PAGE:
|Photo: Nakul Krishna|
|Photo: Courtesy of Paul Laffoley, Art Resource, N.Y.|
Late in his career, Plato wrote two dialogues, the Sophist and Statesman, each apparently aimed at defining the figure named in its title. But the real subject of these dialogues is their own methods: definition, distinctions, analogies. The dialogues are written as if part of a trilogy, but the climactic dialogue — The Philosopher — was never written. Perhaps that was the point: defining the philosopher needs one to be a bit of a philosopher oneself. Plato’s readers need to take the essential last step for themselves, asking what (if anything) the activities labeled "philosophy" have in common.
If Justin E.H. Smith had this unwritten dialogue in mind when christening his book, he does not mention it — his erudition is worn lightly. Unlike some philosophers who take their lead from Plato, he makes no attempt to intuit the essence of philosophy from the armchair. He gives us, rather, a fragmentary survey of "the history of human activities carried out under the label ‘philosophy,’ as well as many [similar] activities that have been carried out under other labels."
In this, Smith, like Plato, makes good use of analogy. Plato thought statesmanship was a bit like weaving, sophistry a little like angling; Smith likens philosophy, unexpectedly, to dance. He argues that philosophy is best regarded as "a universal human activity with many distinct cultural inflections." Dance, to his mind, is a better analogy than (say) ballet, something "by definition, European," though it may well crop up outside Europe "by diffusion or appropriation." The tradition of European philosophy that traces its lineage back to Plato and Socrates (Smith calls this tradition "Philosophia") is, then, like ballet, a single cultural inflection of a universal activity.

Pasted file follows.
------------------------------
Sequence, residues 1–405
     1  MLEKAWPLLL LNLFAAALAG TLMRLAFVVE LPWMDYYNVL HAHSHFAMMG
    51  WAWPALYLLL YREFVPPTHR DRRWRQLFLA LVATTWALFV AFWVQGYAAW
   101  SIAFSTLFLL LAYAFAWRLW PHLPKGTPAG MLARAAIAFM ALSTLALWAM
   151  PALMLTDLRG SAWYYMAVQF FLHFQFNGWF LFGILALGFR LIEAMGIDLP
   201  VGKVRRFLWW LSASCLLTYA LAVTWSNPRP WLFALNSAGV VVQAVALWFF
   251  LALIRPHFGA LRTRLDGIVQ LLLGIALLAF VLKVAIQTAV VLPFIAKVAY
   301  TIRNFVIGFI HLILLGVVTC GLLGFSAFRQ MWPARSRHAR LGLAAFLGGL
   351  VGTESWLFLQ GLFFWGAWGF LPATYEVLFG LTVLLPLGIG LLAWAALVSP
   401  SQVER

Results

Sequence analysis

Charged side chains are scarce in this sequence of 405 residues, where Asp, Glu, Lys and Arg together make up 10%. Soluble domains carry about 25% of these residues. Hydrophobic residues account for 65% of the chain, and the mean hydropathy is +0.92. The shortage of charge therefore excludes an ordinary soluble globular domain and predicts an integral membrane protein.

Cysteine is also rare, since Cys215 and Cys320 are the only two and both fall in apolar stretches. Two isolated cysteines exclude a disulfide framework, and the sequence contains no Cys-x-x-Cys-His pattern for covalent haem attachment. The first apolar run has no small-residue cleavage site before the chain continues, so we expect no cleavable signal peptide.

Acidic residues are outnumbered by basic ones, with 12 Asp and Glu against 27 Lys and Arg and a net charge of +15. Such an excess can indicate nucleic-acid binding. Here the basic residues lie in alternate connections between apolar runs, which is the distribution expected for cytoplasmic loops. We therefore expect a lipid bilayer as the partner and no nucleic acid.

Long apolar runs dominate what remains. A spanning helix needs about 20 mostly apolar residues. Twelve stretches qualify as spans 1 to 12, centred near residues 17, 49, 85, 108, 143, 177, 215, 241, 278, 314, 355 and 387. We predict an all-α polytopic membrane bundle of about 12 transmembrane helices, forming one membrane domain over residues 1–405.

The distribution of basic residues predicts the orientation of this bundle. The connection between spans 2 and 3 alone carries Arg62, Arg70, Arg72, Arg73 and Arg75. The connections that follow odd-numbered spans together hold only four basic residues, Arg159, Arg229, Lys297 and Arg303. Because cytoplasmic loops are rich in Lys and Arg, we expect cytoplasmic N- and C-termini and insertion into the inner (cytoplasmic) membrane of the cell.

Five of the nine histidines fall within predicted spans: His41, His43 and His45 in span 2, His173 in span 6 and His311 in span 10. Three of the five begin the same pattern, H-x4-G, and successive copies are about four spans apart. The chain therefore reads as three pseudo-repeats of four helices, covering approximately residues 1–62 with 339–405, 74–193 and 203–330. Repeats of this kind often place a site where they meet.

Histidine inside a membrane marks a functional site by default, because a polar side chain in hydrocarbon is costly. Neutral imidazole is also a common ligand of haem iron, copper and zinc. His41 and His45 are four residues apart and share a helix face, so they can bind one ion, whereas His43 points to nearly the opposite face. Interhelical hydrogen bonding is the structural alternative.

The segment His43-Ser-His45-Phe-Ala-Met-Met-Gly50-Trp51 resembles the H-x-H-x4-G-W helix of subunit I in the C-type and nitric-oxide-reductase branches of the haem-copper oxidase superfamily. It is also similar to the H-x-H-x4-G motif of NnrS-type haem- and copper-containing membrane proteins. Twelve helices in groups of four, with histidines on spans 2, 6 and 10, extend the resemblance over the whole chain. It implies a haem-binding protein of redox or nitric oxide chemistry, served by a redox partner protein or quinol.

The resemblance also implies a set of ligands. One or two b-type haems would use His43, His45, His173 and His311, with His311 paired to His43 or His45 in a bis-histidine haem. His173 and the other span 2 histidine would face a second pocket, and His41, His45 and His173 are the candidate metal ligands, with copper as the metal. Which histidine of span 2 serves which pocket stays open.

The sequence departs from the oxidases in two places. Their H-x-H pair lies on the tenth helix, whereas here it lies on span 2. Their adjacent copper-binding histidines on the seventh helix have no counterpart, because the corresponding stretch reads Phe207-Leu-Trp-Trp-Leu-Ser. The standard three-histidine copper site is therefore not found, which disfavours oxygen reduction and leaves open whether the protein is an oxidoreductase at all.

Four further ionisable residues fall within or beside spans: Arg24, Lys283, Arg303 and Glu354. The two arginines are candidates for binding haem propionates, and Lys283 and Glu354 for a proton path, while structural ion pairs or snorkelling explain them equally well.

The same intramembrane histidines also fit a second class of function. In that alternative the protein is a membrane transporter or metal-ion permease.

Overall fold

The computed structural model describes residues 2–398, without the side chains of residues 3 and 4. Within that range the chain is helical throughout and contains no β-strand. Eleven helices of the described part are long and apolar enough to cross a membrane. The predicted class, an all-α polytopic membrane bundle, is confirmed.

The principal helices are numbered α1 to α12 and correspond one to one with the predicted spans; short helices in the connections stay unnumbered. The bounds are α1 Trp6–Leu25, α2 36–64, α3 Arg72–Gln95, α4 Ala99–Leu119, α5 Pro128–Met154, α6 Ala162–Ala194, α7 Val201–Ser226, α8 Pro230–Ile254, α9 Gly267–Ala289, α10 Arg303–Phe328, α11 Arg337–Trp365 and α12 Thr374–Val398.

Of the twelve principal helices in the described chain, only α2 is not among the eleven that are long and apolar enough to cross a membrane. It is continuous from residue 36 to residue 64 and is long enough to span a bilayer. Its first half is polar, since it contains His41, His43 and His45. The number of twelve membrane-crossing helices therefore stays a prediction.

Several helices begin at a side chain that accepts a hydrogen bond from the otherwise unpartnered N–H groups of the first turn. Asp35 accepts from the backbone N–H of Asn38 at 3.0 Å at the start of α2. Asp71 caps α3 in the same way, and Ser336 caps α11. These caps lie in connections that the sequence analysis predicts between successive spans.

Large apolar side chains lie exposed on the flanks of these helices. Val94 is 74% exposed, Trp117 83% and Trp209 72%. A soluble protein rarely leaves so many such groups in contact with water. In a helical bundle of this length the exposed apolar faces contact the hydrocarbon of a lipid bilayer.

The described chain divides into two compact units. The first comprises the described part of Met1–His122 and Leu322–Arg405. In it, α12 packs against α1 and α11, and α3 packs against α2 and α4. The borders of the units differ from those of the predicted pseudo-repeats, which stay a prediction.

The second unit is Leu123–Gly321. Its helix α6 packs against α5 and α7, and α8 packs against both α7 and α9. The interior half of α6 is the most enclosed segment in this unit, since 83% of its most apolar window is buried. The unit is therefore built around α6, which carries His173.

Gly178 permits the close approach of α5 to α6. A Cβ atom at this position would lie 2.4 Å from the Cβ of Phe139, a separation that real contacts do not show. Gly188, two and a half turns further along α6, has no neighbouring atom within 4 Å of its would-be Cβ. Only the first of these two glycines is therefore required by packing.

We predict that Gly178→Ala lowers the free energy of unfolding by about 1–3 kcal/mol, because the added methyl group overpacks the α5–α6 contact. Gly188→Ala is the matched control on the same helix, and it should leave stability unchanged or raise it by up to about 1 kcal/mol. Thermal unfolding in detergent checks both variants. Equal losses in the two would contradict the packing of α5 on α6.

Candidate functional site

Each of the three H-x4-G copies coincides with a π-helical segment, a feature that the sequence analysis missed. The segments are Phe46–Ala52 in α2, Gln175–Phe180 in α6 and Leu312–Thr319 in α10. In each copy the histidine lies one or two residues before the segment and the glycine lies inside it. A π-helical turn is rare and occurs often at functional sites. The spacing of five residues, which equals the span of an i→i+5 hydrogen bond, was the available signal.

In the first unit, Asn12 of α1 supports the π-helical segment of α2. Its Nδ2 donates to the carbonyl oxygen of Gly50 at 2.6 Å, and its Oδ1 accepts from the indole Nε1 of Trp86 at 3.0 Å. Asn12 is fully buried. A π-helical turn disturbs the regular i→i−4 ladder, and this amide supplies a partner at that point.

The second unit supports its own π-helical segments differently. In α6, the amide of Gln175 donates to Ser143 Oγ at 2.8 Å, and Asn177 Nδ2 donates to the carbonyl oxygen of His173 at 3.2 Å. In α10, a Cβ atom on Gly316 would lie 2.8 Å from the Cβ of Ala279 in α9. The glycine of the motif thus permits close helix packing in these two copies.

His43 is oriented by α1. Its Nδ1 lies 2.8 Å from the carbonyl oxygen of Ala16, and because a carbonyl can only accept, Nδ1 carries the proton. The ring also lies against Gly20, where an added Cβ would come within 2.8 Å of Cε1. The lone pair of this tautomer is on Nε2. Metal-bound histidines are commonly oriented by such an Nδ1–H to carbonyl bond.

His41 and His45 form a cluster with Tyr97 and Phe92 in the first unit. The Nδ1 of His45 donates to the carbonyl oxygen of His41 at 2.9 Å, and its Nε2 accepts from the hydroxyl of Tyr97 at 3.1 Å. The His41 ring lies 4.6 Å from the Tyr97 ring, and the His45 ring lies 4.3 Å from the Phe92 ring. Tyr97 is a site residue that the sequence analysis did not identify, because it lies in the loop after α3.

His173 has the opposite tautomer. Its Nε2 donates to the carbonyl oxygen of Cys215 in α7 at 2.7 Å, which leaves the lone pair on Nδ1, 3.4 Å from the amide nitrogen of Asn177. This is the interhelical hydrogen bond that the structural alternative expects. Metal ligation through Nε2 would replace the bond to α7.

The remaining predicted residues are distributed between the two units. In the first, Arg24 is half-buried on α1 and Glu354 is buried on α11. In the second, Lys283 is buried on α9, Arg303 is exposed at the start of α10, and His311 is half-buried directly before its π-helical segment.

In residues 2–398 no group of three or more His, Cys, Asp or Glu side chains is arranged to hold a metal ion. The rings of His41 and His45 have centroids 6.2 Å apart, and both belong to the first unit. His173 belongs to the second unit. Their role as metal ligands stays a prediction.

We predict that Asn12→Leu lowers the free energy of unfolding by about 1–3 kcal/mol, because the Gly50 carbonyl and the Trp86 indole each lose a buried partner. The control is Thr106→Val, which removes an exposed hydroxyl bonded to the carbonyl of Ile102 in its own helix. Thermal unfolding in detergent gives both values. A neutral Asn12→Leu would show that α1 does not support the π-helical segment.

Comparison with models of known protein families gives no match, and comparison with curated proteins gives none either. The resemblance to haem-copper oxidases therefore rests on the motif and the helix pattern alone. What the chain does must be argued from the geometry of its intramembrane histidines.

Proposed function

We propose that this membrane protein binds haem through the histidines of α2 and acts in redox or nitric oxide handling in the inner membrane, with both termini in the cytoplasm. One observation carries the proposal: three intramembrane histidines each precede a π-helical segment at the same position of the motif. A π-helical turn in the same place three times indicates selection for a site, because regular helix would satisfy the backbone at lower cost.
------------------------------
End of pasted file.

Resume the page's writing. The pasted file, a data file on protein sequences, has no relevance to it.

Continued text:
This provincializing of Europe helps to show how at least two ancient civilizations, India and China, have intellectual traditions of writing and argument enough like "Philosophia" to merit the name of philosophy. But Smith goes further, proposing that the reflections of nonliterate societies, oral traditions, and discursive forms based on myth and metaphor have some claim to count as philosophy as well.
As Smith rightly notes, what counts as philosophy has always been up for grabs. That is why it may prove useful "to think of ‘the philosopher’ as represented by various types … whom in different times and places it will make sense to consider as philosophers."
Smith teaches philosophy in Paris but went to graduate school in the United States, where he was well-schooled in the conventions and concerns of the so-called analytic philosophy that dominates the Anglophone academic world. But philosophers who write in this style are only one of the six types of philosopher to star in Smith’s story: In his equivocal label, they are "Mandarins."
The Mandarin shares the pages of Smith’s book with five other types. There is the Curiosa, who blurs the boundaries between natural science and philosophy. There is the Sage, who engages critically with a culture that he or she has thoroughly internalized. There is the Gadfly, whose critical engagement with the culture deploys such modes as parody or invective. There is the Ascetic, who disclaims such ersatz values as wealth or honor or pleasure for the real values: goodness, reflection, simplicity. Finally, there is the Courtier, speaking convenient untruths to power. These types flit in and out of Smith’s pages; wisely, he does not furnish us with representative examples of each type but rather invites us to see something of them in ourselves, our colleagues, and the figures of history.
|The Philosopher: A History in Six Types|
Justin E. H. Smith
Source: Chronicle of Higher Education